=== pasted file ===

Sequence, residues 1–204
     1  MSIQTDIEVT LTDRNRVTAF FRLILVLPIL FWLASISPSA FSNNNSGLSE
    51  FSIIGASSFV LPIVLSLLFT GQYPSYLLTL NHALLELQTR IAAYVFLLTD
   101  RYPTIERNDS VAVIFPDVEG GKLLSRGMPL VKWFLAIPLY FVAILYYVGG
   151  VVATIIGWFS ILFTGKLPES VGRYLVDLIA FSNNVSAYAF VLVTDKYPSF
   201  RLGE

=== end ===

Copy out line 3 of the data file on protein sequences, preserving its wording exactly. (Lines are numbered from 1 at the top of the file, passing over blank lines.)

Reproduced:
    51  FSIIGASSFV LPIVLSLLFT GQYPSYLLTL NHALLELQTR IAAYVFLLTD